UNIVERSITY OF GLASGOW, UNITED KINGDOM
Research focus: metal catalysts for ammonia synthesis in the Haber-Bosch process
The Haber-Bosch process is the key process for producing fertilisers. Using this method, very large amounts of ammonia are synthesised, establishing an accessible route for the production of more than 450 million tonnes of synthetic fertilisers annually. On the one hand, this maintains food production for 40 percent of the world's population, but on the other hand, the Haber-Bosch process currently consumes 2 percent of the world’s energy demand and causes 1.6 percent of man-made CO2 emissions.
To reduce these harmful effects and yield massive rewards both in terms of economic and environmental benefits, there is a great interest in the development of local small-scale ammonia production plants based on the use of renewable energies. In such a context, Yalinu has taken up the challenge of developing new ammonia synthesis catalysts which are active under less severe operational conditions appropriate to small-scale reactors close to its point of use. In her study, Yalinu is using magnesium oxide as a catalyst support for cobalt rhenium in order to obtain a more highly dispersed catalytic phase. She expects that this approach could potentially lead to the development of high performance catalysts.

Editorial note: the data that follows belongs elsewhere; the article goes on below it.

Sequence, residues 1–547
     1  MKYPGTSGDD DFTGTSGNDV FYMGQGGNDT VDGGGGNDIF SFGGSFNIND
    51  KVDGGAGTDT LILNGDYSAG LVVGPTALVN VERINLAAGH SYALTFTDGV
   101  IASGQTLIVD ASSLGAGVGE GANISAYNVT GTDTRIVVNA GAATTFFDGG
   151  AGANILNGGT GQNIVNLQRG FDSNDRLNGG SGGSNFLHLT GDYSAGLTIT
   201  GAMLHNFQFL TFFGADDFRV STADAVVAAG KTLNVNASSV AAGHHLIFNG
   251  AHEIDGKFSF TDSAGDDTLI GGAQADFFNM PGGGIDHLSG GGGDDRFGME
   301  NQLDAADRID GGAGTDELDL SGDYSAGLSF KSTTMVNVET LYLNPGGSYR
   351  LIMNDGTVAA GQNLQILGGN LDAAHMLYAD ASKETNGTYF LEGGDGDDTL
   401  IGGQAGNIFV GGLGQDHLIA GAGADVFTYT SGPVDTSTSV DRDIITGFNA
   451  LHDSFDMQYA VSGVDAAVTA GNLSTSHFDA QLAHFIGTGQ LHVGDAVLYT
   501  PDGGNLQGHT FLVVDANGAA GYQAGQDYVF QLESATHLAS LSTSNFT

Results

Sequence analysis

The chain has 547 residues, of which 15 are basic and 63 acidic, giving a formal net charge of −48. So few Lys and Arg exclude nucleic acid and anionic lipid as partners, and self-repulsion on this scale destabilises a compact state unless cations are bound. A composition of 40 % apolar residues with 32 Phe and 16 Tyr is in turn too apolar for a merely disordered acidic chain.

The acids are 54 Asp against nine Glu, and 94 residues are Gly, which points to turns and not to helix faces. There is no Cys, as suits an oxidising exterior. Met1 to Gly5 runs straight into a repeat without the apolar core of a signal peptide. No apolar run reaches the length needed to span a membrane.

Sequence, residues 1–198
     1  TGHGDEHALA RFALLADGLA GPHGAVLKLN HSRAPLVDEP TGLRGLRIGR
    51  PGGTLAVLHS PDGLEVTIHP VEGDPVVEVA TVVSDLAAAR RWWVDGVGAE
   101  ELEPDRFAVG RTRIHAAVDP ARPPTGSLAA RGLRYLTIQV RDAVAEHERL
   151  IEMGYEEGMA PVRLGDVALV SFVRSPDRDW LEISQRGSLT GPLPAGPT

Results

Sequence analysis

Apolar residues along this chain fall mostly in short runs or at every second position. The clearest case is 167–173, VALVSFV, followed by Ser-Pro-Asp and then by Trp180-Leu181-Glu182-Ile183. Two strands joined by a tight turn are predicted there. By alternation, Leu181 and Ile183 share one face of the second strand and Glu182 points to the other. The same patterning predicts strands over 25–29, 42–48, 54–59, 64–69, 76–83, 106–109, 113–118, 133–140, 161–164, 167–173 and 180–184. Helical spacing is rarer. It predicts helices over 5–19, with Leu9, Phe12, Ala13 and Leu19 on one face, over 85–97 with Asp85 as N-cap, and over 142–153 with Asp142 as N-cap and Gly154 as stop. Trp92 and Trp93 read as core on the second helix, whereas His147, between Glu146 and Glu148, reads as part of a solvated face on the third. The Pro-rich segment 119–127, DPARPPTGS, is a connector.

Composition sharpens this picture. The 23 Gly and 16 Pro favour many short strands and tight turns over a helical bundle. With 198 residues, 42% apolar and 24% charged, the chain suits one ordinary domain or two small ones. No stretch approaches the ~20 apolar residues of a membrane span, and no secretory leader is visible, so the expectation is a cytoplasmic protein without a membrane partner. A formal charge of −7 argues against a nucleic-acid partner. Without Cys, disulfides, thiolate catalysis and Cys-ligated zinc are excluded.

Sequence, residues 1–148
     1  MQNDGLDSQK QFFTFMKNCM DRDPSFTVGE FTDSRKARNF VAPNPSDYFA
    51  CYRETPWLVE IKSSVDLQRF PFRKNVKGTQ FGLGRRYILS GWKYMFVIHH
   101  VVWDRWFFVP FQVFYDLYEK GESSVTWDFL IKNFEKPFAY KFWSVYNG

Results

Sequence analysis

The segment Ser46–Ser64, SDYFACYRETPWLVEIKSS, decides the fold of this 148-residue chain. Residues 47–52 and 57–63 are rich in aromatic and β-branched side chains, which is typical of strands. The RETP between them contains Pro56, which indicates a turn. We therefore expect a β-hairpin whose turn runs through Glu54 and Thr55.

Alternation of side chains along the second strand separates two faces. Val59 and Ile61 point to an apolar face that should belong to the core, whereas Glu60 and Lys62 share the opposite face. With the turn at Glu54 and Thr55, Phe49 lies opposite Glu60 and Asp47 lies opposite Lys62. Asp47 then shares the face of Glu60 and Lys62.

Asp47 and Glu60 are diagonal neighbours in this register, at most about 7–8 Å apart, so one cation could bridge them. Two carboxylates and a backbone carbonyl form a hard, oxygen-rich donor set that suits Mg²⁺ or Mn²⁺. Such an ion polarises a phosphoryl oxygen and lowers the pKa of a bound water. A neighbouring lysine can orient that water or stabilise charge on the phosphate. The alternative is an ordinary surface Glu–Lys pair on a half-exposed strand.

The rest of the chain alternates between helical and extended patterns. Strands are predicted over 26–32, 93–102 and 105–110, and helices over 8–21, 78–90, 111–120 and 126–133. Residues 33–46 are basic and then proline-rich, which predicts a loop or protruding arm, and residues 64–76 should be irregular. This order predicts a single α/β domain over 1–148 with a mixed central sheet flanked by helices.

Above all, it was Yalinu’s fresh perspective on addressing the UN Sustainable Development goals and global challenges, such as food and energy security, climate change, and energy generation from renewable sources, that made the jury’s choice easy. They are confident that winning the Green Talents award will take Yalinu one step closer to her lifelong goal to work with an organisation that contributes to improving the livelihoods of people, bettering society, tackling environmental issues and fulfilling the UN Sustainable Goals.